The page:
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MLK's Dream Still Not Realized

Christian Patterson |
August 28, 2013 | 4:16 p.m. PDT

Deputy Opinion Editor

We still have not accomplished King's dream. (Allie Caulfield, Wikimedia Commons)
We still have not accomplished King's dream. (Allie Caulfield, Wikimedia Commons)
The organizers of the March on Washington would be pleased by the strides the U.S. has taken since 1963.

Open discrimination in housing, education and a wide range of other areas has been outlawed. Leaders who openly judge people by the color of their skin, their socioeconomic class and their sex are openly castigated. And, we obviously can't forget the presence of an African-American family in the White House.

However, it would dishonor their legacies and sacrifices to pretend that we've realized the goals they marched (and often died) for.

We should remember that Bayard Rustin, lead organizer of the March, spent decades fighting for the equal treatment of the LGBT community. Fighting for rights that have not been recognized in 37 states, or in Washington, D.C., where members of Congress refuse to protect LGBT individuals from discrimination in the workplace.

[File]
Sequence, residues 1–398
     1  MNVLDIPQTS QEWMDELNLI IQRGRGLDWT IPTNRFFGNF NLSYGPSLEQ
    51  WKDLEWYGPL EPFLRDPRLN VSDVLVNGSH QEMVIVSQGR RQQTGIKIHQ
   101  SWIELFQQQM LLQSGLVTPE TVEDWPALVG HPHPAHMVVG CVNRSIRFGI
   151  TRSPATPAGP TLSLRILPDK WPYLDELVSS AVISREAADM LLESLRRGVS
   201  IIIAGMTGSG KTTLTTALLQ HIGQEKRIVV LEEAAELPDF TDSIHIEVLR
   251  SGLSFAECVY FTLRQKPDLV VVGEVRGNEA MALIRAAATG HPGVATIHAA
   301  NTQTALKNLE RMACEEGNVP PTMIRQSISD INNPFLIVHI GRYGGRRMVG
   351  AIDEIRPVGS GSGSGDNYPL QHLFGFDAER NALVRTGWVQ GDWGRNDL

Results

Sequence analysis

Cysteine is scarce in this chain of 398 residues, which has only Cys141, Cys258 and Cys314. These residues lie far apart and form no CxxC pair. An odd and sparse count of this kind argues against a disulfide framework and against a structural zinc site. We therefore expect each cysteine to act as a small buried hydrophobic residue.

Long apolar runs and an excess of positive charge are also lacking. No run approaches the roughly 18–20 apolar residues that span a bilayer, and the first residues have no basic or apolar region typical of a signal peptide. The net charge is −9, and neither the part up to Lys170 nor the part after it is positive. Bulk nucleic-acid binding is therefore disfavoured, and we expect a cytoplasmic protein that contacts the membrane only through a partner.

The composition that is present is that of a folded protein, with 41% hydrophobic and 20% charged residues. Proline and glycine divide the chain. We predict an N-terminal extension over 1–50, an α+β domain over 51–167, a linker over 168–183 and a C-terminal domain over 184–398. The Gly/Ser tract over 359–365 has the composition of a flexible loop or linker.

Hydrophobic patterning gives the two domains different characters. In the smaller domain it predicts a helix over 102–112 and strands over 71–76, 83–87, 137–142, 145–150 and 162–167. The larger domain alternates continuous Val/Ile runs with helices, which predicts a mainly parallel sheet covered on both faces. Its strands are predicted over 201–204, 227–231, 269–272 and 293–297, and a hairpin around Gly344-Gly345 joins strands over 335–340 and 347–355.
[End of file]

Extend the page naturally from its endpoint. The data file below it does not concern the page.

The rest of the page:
We should remember Dorothy Height, leader of the women's groups essential to the March's success, who was excluded from a speaking role on that day. Especially when we we hear a politician pretend that the gap between the pay men and women receive does not exist, or when another election cycle passes with women making up only  19 percent of Congress.

We should remember that the official list of demands of the March included raising the minimum wage and more spending on public education and housing.

We should remember that Dr. King was assassinated in Memphis while organizing a strike for sanitation workers seeking fair pay and better working conditions.

We should remember activists like Rep. John Lewis who had his skull cracked open marching in Selma, Alabama, for a Voting Rights Act that was gutted by the Supreme Court earlier this year.

The "dream" that King spoke of on August 28, 1963 should not be treated as a checklist whereby each time the law changes, we check off another box. The dream cannot be achieved as long as there exists such a wide chasm between the income of blacks and whites, immigrants are treated as subhuman and the poor are seen as lazy and undeserving. Even if we pretend that such treatment does not exist.

We've come a long way since 1963. But those who think we've accomplished King's vision for America are still dreaming.


Reach Deputy Opinion Editor Christian Patterson here. Follow him here.



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